“In 2017, it’s a lot more complicated to educate kids in classrooms,” Weingarten said. “We need someone who’s going to walk the walk. Christie talked the talk. When you say you’re going to punch teachers out, what kids of signal does that send?”

Weingarten pointed to Murphy.

“This guy walks the walk,” she said. “You have a current governor who talks trash talk about teachers, versus a guy who has walked the walk for workers.”

Murphy said that bad policies and underfunding of public schools must end.

“Enough of the vilification and bad policies,” Murphy said, noting the inefficacy of Christie’s current funding formula. “Schools have been underfunded in the Christie administration. Let’s get back to funding education and respecting educators.”

In May, after a year of negotiations, a 2012 contract between Newark Public Schools and the NTU was renewed for the union's 3,700 teachers and other members, which includes raises averaging about 2.4 percent a year.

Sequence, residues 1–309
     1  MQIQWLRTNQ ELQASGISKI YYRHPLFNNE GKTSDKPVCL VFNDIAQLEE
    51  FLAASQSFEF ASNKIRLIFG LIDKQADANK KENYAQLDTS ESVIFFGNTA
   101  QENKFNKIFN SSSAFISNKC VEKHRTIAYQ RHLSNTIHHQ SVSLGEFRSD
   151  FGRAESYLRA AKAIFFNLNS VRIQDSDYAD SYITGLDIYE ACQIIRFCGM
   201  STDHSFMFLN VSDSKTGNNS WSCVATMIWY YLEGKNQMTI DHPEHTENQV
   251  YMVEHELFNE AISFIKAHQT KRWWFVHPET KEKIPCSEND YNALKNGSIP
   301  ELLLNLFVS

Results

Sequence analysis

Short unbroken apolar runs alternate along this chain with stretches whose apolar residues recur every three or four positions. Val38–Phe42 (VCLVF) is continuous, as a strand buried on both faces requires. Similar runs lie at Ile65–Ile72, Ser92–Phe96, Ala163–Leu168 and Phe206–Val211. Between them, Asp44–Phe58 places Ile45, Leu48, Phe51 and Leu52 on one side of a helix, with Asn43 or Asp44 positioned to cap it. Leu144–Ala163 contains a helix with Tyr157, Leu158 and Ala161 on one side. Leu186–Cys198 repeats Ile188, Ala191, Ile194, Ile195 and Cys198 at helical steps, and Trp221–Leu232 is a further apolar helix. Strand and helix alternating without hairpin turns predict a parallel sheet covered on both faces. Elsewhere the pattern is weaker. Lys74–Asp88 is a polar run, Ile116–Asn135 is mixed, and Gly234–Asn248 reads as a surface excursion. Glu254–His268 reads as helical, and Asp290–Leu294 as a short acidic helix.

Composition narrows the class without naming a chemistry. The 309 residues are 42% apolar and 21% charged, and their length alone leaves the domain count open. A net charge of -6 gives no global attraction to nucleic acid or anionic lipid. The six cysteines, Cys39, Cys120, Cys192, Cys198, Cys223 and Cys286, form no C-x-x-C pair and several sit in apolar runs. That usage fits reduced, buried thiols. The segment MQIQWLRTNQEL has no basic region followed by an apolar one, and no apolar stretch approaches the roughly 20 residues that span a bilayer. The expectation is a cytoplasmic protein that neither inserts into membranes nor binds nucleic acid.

The contract, which offers significant performance-based bonuses for teachers, was mostly funded by private contributors, including a $100 million offering from Facebook founder Mark Zuckerberg.

According to Oliver, the state has done an “abominable job” in underfunding schools.

“We have been under assault,” Oliver said, recalling battles with former state superintendent of Newark schools, Cami Anderson, noting Anderson’s “blatant disrespect” for Newark’s educators.

Anderson, who was appointed by Christie in 2011, had a contentious term and resigned in June 2015—eight months before her contract was to expire.

Anderson, who openly clashed with Newark Mayor Ras Baraka, alienated many parents after implementing One Newark, a reorganization plan that replaced the city’s tradition of neighborhood schools with a universal enrollment system that assigned students by lottery to both traditional and charter schools.

Months before her resignation, Baraka demanded that Anderson step down, calling her out for "blatant disregard" of the Newark community.